Book #1 of the Lunar Chronicles
Humans and androids crowd the raucous streets of New Beijing. A deadly plague ravages the population. From space, the ruthless lunar people watch, waiting to make their move. No one knows that Earth’s fate hinges on one girl. . . .
Cinder, a gifted mechanic, is a cyborg. She’s a second-class citizen with a mysterious past, reviled by her stepmother and blamed for her stepsister’s illness. But when her life becomes intertwined with the handsome Prince Kai’s, she suddenly finds herself at the center of an intergalactic struggle, and a forbidden attraction. Caught between duty and freedom, loyalty and betrayal, she must uncover secrets about her past in order to protect her world’s future. ~Goodreads
At a Glance:
I was excited to finally read this book because I had heard so many great things about it. Plus, I am a sucker for fairy tales retold. I was blown away by Meyer’s concept for a darker version of Cinderella. But in the end, I was left wanting more, and not in the good way.
A Fairy Tale With Bite…
Cinder was even more than I expected. The sci-fi element of cyborgs and futuristic gadgets really added an intriguing spin to the fairy tale we all know and love. This is not a romance, it is not a tale of a meek, kind girl who gets everything she has ever dreamed of in the end. This story has grit (sometimes literally), injustice beyond comprehension, tragedy, and a society collapsing from all angles.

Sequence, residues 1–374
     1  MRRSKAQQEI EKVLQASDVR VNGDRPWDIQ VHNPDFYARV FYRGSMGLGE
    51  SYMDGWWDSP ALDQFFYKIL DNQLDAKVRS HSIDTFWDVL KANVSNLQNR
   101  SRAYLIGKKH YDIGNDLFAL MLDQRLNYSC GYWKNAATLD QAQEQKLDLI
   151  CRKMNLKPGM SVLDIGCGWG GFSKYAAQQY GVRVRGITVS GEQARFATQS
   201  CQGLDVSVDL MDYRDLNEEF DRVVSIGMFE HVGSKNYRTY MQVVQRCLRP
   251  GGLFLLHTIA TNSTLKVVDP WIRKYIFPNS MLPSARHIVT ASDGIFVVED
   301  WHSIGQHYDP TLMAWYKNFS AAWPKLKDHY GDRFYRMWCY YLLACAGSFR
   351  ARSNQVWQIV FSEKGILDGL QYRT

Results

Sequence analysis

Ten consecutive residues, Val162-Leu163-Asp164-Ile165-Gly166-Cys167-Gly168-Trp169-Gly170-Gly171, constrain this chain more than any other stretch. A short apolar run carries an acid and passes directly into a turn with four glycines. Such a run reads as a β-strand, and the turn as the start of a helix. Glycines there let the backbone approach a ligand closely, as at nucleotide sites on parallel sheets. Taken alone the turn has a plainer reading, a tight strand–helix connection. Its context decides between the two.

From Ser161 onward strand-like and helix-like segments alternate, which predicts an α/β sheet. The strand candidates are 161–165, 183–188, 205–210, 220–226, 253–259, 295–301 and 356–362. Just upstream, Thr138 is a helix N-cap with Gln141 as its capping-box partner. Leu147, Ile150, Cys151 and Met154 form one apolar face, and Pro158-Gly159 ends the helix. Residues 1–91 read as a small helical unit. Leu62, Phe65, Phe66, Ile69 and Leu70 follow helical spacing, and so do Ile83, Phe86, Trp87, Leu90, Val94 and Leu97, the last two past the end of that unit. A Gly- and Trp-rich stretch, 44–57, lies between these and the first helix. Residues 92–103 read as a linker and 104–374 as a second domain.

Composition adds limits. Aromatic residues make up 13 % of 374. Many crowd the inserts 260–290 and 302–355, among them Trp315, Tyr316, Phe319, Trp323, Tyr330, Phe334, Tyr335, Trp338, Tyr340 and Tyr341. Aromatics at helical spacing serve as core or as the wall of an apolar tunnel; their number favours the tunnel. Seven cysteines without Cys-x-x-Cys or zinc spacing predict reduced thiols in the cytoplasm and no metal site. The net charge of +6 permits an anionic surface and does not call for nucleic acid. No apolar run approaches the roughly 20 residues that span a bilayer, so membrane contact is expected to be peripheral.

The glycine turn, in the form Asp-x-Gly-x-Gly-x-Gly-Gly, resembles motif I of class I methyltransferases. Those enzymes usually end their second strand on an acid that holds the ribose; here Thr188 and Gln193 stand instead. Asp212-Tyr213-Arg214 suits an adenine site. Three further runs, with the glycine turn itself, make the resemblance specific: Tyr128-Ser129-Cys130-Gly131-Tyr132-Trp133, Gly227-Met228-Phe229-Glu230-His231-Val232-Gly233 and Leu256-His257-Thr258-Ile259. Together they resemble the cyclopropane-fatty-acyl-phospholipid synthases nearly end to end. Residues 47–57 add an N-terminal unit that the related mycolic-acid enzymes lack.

We open this book to find that the world is cruel. Technology may have become more advanced, but society has not grown in its compassion. Cyborgs, both machine and human, are second class citizens, treated as good as trash, sometimes even experimented on for the good of the rest of the population. Cinder, a mechanic and a cyborg, has lived most her life knowing she means nothing to the world she lives in, and even less to the little family she has left. Then Prince Kai walks into her life and brings both hope and despair. He is a beacon of light that takes away some of the darkness Cinder must endure daily. But he also brings the knowledge that their slice of the world is in grave danger from not only the plague that is slowly eating away at the populace, but also the threat of an impending war against the Lunar people. What Cinder doesn’t know is that she might just be the answer to the many problems her world is facing.
Rise Above the Ashes…
I think each individual character in this book played a vital part in bringing this story together. Cinder was a lot stronger than I was expecting. She has been resigned to a life of labor in order to support people who despise her. She is experimented on and treated like nothing better than an unfeeling machine. She is blamed for things she has no control over, and still she perseveres. She works hard, takes initiative to make her life better, and learns to fight back. She is resilient and resourceful when she could have easily crumbled under the horrible life she is forced to live. Parts of her may be made of wire and metal, but she’s also just a teenage girl who can love and wants to be loved.
The Other Peeps…
I was surprised that Meyer let us also peek into Prince Kai’s POV. We get to watch him struggle as his life starts to crumble around him and no matter what decisions he makes, people will die, people will suffer. That’s a lot of pressure for someone so young. I think he does a good job for the position he is in. Then we have the stepmother and stepsister who are just as bad as you can imagine. The Lunar Queen was a great addition to the story. Her presence actually gave me the chills. You will hate these three women. But the character that made me smile and laugh was Iko. She really stole some of the spotlight because of her adorable personality. I want to see more of her in the series.